There are many types of lumps that can appear on your piercing, particularly on cartilage and nose piercings. The most common type of bump is usually pink and full of fluid. Hot saline soaks 2-3 times should help clear this up, but you need to be persistent and stick with it for a few weeks. If you still have bumps but they’ve improved, stick with it longer. If your bumps are still the same size, try putting diluted tea tree oil on your piercing (you can buy this is Boots for a couple of quid). Do not pick your bumps. You’ll irritate the piercing and they’re just grow back. Picking off your bumps can also leave a small scar in their place when you do eventually get rid of them.
Migration/rejection is less common at the start, but still something I feel you should be aware of so you know what to look out for. Some piercings can move/grow out the skin over time. If you notice signs of your piercing migrating or rejecting, contact your piercer and ask them to take a look. It’s usually best to take it out, but piercings can sometimes be saved by using different size jewellery. If you do take it out, you can usually get it redone when it’s healed over.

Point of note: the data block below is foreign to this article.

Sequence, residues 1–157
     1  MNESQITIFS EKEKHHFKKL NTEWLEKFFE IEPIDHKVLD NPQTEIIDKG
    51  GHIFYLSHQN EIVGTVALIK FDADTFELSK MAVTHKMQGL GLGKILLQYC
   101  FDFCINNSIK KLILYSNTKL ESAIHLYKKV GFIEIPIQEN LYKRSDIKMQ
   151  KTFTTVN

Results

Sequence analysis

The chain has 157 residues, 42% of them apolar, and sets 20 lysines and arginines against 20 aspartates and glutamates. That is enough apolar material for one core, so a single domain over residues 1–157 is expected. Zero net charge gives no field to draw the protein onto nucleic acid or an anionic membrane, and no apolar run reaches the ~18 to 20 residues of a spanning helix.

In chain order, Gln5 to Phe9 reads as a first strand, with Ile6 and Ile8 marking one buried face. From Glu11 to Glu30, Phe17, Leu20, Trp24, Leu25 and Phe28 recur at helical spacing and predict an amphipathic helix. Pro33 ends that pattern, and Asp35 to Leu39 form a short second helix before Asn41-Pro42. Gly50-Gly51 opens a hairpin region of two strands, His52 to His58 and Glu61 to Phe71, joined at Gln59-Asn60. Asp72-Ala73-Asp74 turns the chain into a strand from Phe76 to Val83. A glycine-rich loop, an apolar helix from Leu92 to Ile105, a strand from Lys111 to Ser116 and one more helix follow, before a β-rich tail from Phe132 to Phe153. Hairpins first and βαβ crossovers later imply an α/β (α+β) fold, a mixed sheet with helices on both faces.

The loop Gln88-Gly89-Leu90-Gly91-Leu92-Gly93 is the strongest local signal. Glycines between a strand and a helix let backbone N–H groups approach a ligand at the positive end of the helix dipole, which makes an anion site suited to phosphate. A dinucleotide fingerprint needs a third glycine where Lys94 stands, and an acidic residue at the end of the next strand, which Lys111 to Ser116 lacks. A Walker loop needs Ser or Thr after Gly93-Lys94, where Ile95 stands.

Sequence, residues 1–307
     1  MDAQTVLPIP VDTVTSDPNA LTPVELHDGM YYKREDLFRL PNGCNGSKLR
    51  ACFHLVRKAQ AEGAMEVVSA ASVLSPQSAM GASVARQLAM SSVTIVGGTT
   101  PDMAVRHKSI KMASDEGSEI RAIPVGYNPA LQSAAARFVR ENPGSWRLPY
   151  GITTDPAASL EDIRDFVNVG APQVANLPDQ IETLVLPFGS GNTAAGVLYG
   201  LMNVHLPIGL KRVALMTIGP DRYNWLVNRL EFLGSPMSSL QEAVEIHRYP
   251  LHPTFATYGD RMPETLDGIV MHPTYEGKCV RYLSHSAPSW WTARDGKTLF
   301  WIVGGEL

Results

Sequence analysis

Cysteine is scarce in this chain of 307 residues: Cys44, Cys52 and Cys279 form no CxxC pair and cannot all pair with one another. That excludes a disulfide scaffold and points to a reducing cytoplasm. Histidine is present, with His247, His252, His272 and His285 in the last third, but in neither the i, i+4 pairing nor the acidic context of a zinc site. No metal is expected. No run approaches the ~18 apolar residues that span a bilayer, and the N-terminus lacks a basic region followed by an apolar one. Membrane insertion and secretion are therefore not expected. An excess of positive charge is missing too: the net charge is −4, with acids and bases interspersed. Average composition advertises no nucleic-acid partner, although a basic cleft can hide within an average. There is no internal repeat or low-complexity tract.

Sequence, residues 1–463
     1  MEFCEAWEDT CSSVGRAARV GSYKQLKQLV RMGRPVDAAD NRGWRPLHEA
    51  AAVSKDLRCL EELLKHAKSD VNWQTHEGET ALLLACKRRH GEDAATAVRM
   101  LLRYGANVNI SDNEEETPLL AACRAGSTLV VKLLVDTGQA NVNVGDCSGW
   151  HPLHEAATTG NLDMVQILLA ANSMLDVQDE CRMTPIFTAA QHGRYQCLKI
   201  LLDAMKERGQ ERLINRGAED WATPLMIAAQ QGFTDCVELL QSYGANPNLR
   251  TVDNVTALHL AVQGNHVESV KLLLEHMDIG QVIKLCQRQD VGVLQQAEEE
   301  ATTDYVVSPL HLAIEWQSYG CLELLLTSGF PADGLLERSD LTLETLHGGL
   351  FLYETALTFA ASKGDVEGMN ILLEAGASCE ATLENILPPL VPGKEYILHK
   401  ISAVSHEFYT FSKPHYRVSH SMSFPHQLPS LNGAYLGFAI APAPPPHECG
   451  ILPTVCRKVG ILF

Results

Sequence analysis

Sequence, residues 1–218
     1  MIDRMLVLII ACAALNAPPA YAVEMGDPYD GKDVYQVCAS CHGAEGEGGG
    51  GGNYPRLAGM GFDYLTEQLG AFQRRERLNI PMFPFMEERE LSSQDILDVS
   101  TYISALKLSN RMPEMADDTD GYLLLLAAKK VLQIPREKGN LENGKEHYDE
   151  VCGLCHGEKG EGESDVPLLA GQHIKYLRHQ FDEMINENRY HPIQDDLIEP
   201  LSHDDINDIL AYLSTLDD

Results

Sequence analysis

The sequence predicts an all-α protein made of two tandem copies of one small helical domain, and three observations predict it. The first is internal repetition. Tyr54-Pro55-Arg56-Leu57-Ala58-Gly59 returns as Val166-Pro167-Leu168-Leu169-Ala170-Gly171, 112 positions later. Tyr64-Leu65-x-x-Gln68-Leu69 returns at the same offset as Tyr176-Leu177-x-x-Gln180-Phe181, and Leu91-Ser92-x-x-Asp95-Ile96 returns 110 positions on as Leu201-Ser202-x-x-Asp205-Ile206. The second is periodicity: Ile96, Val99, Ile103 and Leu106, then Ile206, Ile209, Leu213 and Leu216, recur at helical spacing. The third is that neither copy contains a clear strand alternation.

Be careful not to catch it – It’s super easy to catch certain piercings. Cartilage piercings are known for being caught by hair brushes
Check the balls are tight every couple of days to ensure the bar won’t fall out
Google problems, but use caution – Most people do not realise how common and easily solved their piercing problems are before they consult their piercer. Sometimes a quick search can take away all the anxiety of a piercing problem, but be careful not to over-diagnose yourself!
When your piercing is finally healed and you’re ready to change it, check out Hole Hearted for some cute and affordable body jewellery.
If you need help with a problematic piercing (whether you were pierced by me or not), drop me a message and let’s try and get it sorted (pics welcome).